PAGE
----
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Thursday, November 04, 2004

Bulk of ETF Inflows Go to BGI

Reported by Theresa Sim

While it may be common knowledge that Barclays Global Investors is the biggest exchange-traded fund player out there, what may not be clear is by how much the front runner is gaining.

BGI, with $90.2 billion in ETF assets as of mid-October, already holds approximately 49 percent of the total market, according to a report by Morgan Stanley Equity Research.

The more surprising news is that of the $30.2 billion in assets that have flowed into exchange-traded funds this year, BGI, with a whopping 97 funds, captured the lion's share of the assets -- more than 90 percent.

State Street Global Advisors and the Bank of New York, with 33 percent and 15 percent of total ETF market share, respectively, failed to attract assets in line with current market share this year.

SSgA has garnered $5 billion in ETF assets this year, just 17 percent of total inflows; the BoNY fared worse, losing $4.5 billion in assets.

Although investors put money into all sectors of ETFs, the largest investments were $9.4 billion into international ETFs and $8.2 billion in large-cap domestic ETFs. Meanwhile, the largest outflows were in the QQQ.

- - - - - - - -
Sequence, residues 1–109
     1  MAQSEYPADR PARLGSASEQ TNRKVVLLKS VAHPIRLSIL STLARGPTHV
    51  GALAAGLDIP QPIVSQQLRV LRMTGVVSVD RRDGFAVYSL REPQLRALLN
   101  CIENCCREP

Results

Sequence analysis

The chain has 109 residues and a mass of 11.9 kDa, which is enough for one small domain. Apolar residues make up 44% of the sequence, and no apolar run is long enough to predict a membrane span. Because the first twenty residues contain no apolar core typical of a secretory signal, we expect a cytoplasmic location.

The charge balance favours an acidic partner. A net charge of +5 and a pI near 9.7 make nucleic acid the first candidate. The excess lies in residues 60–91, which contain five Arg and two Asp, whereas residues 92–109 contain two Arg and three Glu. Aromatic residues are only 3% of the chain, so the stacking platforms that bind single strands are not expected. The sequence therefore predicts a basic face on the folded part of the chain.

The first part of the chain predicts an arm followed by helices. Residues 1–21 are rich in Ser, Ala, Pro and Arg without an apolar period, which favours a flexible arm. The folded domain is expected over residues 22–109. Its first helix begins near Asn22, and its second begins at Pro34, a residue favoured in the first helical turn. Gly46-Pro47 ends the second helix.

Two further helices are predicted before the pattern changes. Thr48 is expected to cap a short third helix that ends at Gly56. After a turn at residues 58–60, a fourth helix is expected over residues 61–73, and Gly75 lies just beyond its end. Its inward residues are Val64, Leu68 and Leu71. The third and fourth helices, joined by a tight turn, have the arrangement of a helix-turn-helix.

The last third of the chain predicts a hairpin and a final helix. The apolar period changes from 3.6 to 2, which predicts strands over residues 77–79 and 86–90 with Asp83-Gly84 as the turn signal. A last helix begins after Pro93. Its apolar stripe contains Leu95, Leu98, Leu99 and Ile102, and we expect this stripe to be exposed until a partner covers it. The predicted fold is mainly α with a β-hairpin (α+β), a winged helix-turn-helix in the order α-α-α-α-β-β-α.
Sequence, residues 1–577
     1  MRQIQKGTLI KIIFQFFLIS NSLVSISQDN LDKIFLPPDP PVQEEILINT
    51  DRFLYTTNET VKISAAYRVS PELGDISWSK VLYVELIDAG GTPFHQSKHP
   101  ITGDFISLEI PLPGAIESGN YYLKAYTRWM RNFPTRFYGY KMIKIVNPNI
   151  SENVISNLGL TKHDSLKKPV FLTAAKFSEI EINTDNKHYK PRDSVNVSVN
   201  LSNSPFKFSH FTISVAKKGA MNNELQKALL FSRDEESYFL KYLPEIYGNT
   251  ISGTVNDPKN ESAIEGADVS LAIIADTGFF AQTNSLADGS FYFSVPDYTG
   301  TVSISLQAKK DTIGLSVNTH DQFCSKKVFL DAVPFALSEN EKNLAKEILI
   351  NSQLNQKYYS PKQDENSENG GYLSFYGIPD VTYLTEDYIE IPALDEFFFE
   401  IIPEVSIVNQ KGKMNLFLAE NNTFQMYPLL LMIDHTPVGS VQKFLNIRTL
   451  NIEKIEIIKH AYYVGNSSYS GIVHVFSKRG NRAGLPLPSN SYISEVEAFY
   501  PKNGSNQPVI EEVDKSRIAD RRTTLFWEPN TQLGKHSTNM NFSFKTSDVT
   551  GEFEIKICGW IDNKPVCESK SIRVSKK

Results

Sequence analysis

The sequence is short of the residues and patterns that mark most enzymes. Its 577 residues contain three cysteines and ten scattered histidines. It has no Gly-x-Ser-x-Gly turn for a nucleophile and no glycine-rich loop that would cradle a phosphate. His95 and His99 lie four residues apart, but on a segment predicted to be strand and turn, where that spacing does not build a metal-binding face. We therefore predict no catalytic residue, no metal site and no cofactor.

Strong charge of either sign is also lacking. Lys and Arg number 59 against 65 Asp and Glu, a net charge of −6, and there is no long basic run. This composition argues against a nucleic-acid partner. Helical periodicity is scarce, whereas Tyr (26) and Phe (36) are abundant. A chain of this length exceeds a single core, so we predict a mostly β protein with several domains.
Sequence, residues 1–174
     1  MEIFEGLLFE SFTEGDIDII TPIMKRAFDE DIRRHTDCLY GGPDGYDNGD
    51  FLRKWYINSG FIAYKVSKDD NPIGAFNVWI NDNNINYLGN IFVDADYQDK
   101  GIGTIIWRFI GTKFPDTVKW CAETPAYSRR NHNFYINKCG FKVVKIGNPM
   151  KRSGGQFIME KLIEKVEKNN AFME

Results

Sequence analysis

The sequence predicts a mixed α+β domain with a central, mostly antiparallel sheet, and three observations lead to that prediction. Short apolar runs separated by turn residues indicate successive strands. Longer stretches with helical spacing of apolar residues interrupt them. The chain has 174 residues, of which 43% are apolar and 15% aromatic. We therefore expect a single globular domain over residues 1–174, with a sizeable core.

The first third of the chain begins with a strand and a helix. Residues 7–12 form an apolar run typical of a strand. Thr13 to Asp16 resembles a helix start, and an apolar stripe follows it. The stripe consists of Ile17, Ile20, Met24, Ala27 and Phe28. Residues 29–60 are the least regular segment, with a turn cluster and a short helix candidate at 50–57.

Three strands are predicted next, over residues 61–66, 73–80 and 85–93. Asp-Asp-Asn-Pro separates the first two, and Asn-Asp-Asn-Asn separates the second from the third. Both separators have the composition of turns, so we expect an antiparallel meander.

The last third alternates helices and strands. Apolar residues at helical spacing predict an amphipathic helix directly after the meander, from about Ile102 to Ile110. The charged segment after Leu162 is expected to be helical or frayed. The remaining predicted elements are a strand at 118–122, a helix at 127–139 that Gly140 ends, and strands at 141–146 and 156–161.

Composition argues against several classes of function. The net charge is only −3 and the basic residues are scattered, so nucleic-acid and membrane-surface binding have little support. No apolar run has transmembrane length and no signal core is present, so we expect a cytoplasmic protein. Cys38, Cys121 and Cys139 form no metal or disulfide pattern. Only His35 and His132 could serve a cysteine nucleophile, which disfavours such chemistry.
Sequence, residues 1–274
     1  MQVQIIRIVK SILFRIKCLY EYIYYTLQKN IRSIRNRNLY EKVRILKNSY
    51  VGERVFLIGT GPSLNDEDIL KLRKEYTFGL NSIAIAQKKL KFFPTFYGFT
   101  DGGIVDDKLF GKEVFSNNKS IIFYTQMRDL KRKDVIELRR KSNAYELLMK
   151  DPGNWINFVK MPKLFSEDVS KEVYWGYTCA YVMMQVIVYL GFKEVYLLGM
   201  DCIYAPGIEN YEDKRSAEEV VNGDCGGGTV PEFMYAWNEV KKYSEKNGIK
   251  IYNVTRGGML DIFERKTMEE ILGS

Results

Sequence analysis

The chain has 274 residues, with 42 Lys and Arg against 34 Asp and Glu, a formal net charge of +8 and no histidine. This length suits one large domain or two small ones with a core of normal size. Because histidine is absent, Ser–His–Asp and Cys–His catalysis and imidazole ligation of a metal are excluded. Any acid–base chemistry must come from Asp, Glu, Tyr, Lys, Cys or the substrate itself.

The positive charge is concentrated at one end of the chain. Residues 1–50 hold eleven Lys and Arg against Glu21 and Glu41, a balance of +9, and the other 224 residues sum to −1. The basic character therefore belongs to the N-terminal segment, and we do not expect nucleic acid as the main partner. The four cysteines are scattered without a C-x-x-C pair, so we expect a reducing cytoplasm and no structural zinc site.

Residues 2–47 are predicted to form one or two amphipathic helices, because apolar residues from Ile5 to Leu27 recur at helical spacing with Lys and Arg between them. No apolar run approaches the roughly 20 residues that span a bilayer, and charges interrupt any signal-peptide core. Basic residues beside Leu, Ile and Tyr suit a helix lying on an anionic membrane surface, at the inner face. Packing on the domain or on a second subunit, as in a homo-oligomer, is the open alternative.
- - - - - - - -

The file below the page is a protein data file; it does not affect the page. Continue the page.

BGI, unlike SSgA and BoNY, has trained a laser-like focus on courting retail investors, said Paul Mazzilli, director of ETF research at Morgan Stanley. Although part of their success may be explained by the sheer number of funds, BGI has built up a sales infrastructure to assist financial advisors with the products, said Mazzilli.

The fee landscape on ETFs remains unclear. While BGI cut fees on their international equity ETFs by 25 basis points, and SSgA reduced fees two basis points on their S&P 500 SPDR to 10 basis points, managers of speciality ETFs increased fees.

Mazzilli cited the iShares Dow Jones Select Dividend fund and the iShares Lehman TIPS fund as two specialty funds that are able to charge a premium in price. "They're unique and people wanted them," said Mazzilli.

One wildcard could be Vanguard's introduction of three international index-based VIPERs. The low-cost provider, keeping to its guns, will likely exert fee pressure with the introduction of its lower cost international products. 

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